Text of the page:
Constable John McFaddern was determined to put an end to the Howell gang, whose rustling activities were terrorising East Anglia’s small tenant farmers in the 1840s. Chickens, grains, apples and even the odd pig went missing, and it often brought the families of their victims close to starvation.

During the night of July 28th, 1844, the officer, having discovered the next farm the Howells were targeting, laid in wait for them. But the gang found him first. They beat him up and peppered him with shot, leaving him fatally wounded.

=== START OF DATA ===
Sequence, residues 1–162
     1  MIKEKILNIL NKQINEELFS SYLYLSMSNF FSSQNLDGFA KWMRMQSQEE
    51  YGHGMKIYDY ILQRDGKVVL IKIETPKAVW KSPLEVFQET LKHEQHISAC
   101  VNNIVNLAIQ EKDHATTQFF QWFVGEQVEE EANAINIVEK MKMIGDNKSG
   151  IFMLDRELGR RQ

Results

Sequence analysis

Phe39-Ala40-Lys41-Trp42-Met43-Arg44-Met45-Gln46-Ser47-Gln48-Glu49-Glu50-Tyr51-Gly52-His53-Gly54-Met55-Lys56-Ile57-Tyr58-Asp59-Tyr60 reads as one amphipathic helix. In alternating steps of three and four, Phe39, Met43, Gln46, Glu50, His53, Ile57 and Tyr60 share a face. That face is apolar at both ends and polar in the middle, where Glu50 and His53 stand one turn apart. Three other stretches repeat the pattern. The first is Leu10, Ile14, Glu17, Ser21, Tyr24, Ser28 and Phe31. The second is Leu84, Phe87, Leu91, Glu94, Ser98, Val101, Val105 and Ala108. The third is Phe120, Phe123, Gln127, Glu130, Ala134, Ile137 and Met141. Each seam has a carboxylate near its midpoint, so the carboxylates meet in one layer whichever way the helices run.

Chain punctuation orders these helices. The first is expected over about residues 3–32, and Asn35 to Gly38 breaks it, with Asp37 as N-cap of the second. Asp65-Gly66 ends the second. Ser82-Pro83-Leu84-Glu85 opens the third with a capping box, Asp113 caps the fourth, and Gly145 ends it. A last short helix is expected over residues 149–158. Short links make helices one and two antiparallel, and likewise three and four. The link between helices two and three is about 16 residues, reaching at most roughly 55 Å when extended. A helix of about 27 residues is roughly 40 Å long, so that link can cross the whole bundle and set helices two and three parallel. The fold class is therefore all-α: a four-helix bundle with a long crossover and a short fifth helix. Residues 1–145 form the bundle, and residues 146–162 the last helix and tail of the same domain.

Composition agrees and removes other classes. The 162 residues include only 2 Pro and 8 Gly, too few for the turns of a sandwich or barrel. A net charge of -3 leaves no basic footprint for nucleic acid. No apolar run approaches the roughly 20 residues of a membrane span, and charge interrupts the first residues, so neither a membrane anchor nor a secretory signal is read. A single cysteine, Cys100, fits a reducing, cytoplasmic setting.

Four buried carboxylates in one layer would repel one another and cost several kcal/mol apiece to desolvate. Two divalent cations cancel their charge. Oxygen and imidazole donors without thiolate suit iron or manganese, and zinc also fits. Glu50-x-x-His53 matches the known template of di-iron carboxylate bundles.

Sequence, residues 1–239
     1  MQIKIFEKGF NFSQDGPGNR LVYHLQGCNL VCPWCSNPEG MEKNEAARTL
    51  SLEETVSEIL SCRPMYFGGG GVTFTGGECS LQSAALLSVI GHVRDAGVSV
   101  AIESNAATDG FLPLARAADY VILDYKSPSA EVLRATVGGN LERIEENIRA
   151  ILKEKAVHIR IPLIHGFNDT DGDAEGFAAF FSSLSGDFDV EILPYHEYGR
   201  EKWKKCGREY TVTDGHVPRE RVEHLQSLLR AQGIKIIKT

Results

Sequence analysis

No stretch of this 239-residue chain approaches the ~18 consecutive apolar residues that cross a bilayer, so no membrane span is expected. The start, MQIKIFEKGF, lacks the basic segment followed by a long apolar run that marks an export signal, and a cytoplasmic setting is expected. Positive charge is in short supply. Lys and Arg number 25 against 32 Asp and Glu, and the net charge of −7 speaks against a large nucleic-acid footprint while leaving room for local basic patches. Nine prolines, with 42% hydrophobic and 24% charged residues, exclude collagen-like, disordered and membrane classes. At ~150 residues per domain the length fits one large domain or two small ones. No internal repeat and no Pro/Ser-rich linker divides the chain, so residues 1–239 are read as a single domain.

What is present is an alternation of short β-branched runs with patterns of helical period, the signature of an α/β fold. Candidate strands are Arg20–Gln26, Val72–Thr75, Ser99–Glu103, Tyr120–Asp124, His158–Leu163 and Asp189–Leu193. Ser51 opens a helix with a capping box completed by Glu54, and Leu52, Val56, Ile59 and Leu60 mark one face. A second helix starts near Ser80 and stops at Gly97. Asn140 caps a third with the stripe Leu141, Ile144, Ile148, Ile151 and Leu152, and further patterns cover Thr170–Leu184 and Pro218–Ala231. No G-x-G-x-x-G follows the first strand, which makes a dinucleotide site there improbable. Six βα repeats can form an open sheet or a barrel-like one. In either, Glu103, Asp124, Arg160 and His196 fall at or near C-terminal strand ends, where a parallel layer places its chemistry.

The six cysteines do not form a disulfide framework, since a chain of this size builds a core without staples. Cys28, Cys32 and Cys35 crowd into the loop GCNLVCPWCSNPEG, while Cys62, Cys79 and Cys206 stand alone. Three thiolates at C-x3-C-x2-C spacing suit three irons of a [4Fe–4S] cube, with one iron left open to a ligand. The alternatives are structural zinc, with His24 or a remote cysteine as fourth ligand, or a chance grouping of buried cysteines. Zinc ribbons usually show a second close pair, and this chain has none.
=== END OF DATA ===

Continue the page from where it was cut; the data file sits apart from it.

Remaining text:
Before he died later that night McFaddern made a sworn statement accusing William Howell of the actual shooting.

Two members of the gang were sent for transportation, while William Howell, 28, was sent to the scaffold. When he was hanged outside Ipswich Prison on Saturday, January 25th, 1845, East Anglia’s farming community breathed a sigh of relief.